I have been staying as far away from the Charlie Gard story as I possibly can.

The reason being is that the details of this story as so gut-wrenching for me, as a mom, that I can’t even begin to fathom the desperation of little Charlie’s parents.

Most of you probably know the story, by now.

Charlie Gard is a U.K. baby who was born with a rare genetic disorder with a very difficult name – encephalomyopathic mitochondrial DNA depletion syndrome – or MDDS.

The condition prevents him from breathing on his own.

The U.K. was content to close the book on little Charlie, but his parents fought for him. They have sought permission to bring him to the U.S., in order to undergo experimental treatment.

Seriously, how many of us as parents wouldn’t go to the ends of the earth, if even for a single chance to save our child’s life?

Great Ormond Street Hospital, in London have attempted to block Charlie’s parents from bringing him to the U.S., saying that the experimental treatment would harm him.

Grasp that, if you can.

You can’t take your dying baby to the U.S. to receive treatment that might save him, because it might also harm him. It’s best to leave him here, where the courts are willing to let him die.

Because dying isn’t harm, or something.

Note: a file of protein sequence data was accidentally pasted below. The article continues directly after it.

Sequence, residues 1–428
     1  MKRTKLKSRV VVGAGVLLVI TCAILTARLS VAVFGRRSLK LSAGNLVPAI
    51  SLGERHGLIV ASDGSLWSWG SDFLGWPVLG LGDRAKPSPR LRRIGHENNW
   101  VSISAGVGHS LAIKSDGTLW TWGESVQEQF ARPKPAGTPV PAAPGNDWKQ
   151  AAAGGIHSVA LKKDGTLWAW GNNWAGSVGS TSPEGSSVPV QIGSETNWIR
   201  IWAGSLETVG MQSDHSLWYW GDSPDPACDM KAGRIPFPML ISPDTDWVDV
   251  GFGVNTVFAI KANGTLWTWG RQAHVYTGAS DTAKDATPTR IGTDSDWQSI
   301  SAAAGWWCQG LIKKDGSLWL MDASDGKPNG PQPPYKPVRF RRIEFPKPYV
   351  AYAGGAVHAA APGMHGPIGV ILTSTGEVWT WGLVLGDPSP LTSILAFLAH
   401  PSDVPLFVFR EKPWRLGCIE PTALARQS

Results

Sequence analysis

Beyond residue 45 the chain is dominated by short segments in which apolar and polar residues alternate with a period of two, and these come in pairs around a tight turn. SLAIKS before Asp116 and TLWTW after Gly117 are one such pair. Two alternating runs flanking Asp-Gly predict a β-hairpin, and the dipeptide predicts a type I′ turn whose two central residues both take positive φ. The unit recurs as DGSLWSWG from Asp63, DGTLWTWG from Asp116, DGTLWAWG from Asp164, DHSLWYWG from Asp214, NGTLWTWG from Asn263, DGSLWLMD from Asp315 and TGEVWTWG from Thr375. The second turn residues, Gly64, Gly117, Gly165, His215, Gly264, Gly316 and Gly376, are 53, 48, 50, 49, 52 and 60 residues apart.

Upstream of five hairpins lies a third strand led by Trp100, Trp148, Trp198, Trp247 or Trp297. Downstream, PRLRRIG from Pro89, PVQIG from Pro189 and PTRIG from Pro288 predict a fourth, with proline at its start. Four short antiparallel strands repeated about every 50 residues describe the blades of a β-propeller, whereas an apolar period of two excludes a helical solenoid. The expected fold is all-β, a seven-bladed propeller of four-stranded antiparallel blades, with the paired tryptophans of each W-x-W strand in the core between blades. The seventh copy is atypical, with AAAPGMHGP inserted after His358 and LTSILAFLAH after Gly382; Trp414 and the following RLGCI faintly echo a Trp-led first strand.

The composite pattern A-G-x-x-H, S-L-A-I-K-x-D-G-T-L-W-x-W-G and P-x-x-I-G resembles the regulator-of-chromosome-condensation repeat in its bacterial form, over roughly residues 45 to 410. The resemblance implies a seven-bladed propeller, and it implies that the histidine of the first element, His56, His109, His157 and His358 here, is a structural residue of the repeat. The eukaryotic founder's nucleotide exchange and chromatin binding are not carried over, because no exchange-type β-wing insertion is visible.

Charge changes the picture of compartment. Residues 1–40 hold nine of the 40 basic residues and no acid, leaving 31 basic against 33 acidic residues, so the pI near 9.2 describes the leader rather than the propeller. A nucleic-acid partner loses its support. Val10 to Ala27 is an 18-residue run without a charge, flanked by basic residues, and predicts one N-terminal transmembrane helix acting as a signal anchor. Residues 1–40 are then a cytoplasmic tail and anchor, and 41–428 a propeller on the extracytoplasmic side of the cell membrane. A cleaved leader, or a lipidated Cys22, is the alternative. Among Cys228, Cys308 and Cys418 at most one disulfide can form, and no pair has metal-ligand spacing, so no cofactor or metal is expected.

The U.K. Supreme Court sided with the hospital and the European Court of Human Rights refused to hear an appeal from Gard’s parents.

The European version of “Human Rights” is apparently very different than what we think of as human rights. Shouldn’t life be the first human right?

Charlie’s story has gained widespread attention, and today, there is a spark of good news in the case.

That’s awesome.

Representatives Trent Franks (R-Ariz.) and Brad Wenstrup (R-Ohio) proposed the legislation, designed to make it easier to bring Charlie and his parents here to receive the treatment being denied him in his own country.

We can’t know if the U.K. courts have any other heartless moves up their sleeves. There’s been so much done and said surrounding this case, already, and it really does give the worst impression of the U.K. court system, as well as the death panels of their government healthcare system.
We also can’t know if there’s anything that can be done for little Charlie to prolong his life. We don’t know if this treatment will help.

The value, however, is in the trying. Charlie’s life is worth that, and if it takes pushing his parents to the head of the line, giving them legal residence here, in order to try, then it is absolutely worth it all.